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Top 10 Car Maintenance Mistakes

Friday, March 2, 2012
Image courtesy of Flickr
Taking good care of a vehicle is important to keeping it in good running order. Here are ten of the most common car maintenance mistakes vehicle owners make. 

1. Avoiding going to the Mechanic

Many drivers avoid taking their vehicles to the mechanic so they can save money on a repair. However, serious car problems will only get worse with time if you don't get them checked by a qualified repair person.

2. Neglecting to Change the Oil

Changing oil is one of the most important functions to keep a car running smoothly. Some believe that synthetic oil only needs to be changed twice a year but you really need to change it every few thousand miles.
 

3. Hitting the Brakes Hard

Hitting your brakes suddenly puts a lot of stress on your brake system. If you habitually slam on your brakes, you'll likely have to replace your fluid, pads and rotors sooner.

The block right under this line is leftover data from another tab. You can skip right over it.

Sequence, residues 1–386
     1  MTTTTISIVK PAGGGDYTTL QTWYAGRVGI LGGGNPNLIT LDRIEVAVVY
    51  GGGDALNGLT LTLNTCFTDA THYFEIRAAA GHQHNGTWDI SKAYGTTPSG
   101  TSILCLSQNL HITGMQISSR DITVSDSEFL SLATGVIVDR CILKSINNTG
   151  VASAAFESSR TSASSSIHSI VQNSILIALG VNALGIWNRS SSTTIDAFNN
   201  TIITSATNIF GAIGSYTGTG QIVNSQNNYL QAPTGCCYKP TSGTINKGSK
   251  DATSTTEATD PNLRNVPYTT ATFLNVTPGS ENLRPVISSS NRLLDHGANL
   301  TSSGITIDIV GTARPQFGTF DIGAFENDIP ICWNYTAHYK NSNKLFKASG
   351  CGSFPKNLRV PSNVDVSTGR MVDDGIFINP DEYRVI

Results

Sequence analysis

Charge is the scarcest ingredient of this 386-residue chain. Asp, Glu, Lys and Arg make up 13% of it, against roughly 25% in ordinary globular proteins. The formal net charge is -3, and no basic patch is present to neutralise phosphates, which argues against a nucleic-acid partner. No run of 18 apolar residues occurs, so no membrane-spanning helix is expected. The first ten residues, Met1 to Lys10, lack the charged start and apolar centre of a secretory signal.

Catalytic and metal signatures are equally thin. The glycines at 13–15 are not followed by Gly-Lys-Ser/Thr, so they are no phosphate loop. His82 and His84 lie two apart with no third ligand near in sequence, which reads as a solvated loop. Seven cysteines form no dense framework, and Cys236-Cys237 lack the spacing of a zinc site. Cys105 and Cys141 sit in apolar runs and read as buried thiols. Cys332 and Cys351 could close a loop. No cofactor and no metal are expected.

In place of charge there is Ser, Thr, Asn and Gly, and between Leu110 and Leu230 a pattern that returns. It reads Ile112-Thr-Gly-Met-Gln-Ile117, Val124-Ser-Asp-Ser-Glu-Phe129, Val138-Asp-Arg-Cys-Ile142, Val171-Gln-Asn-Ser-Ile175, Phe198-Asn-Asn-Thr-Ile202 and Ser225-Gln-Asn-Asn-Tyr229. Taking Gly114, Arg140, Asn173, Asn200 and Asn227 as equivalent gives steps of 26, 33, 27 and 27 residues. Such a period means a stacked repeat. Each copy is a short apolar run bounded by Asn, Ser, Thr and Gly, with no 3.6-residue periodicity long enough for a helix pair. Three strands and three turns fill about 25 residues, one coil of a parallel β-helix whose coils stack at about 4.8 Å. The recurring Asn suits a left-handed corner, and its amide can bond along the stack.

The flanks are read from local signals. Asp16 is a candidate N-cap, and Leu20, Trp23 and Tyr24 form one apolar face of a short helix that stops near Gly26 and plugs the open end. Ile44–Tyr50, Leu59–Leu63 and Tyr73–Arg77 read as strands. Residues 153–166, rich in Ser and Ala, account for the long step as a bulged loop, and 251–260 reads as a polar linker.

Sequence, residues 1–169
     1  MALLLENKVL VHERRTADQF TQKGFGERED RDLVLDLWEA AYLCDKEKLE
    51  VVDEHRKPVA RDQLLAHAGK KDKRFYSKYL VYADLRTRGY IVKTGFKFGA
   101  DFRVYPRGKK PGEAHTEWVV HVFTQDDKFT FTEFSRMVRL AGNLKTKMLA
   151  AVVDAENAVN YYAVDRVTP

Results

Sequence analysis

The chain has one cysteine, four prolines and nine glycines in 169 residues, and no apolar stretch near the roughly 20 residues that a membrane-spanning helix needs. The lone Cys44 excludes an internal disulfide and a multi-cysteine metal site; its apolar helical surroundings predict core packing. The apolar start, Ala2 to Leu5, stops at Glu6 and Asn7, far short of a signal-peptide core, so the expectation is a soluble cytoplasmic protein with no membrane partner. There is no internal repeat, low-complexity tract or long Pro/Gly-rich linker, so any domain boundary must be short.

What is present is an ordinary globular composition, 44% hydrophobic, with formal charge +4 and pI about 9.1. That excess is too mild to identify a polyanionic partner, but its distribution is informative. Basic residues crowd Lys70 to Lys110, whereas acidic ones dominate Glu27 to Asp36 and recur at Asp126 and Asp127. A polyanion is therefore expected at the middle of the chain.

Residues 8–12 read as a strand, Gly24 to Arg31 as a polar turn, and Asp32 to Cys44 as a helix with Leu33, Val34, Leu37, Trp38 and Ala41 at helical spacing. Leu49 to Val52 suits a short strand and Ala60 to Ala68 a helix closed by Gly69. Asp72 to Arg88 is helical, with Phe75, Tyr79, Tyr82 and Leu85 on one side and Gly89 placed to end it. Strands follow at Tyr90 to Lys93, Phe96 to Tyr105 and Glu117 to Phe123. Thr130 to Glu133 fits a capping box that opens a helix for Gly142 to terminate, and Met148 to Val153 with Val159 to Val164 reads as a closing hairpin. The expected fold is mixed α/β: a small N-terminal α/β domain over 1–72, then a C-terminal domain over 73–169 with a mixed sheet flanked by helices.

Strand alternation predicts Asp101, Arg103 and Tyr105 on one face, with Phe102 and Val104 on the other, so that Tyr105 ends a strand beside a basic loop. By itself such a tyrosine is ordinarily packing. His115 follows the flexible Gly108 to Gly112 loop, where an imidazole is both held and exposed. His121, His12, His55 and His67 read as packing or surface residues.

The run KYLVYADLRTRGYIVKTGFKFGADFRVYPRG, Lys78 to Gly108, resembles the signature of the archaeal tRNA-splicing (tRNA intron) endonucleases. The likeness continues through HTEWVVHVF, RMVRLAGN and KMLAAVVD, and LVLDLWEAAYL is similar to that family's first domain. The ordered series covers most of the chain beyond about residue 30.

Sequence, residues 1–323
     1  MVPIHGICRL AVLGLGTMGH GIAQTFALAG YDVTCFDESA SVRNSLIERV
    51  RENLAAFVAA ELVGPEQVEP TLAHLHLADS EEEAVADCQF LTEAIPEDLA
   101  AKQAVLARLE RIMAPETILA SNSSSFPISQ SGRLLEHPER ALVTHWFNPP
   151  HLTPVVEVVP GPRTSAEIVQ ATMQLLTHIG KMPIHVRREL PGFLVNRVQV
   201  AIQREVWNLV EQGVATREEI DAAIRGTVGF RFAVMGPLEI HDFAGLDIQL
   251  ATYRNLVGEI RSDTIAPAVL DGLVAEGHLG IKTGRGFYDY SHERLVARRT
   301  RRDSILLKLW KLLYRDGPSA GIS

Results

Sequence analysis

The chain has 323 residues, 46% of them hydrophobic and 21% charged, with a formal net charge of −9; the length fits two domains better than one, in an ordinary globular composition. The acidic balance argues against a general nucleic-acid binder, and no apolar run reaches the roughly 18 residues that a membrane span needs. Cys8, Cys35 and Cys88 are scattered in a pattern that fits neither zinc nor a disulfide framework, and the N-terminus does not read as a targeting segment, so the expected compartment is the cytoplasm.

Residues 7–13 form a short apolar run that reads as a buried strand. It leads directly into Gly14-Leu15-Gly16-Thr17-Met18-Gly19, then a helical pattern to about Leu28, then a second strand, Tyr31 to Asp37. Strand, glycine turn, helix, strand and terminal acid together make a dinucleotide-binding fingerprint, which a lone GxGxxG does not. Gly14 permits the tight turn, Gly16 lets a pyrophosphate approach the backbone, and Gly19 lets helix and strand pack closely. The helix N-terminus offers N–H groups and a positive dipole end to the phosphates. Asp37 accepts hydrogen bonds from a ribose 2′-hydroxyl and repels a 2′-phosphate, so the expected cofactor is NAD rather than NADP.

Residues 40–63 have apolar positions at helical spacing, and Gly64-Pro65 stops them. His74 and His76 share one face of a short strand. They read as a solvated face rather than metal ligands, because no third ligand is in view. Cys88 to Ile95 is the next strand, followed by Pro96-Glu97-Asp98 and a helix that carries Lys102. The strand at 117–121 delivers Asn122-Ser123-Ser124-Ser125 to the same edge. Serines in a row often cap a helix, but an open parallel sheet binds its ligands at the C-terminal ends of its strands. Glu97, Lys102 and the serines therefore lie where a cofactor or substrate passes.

4. Using Old Air and Oil Filters

Cleaning and reusing old air and oil filters is not recommended for most filters unless they're specifically marked as reusable. 

5. Driving Around on Low Tires

Check your tire pressure early and often. It's always best to check it first thing in the morning when the weather is coldest since temperature changes can affect your pressure reading.

6. Loading Your Car with Too Much Weight

While it's convenient to keep your bike racks or sporting equipment in the car at all times it can become quite a burden on the vehicle body over time. When you're not using the excess equipment, remove it.

7. Using the Wrong Oil Viscosity Level

Read the owner's manual to find out the correct oil viscosity you need to use. If you use oil with the wrong viscosity level you can cause permanent damage to your vehicle due to inadequate lubrication.

8. Forgetting to Change Burned Out Bulbs

Keeping a burned-out headlight or taillight may not seem like a big deal but it takes away from the safety of your vehicle.

9. Using Tires Out of Season

This particularly applies to drivers who live in areas with noticeable seasonal weather changes. If your winters are snowy you'll need a different set of tires.

10. Focusing on Oil Levels Only

Oil levels are certainly important, but you need to pay attention to other fluids as well. This includes brake fluid, transmission fluid, windshield washer fluid and coolant. Check these levels regularly and top up where needed.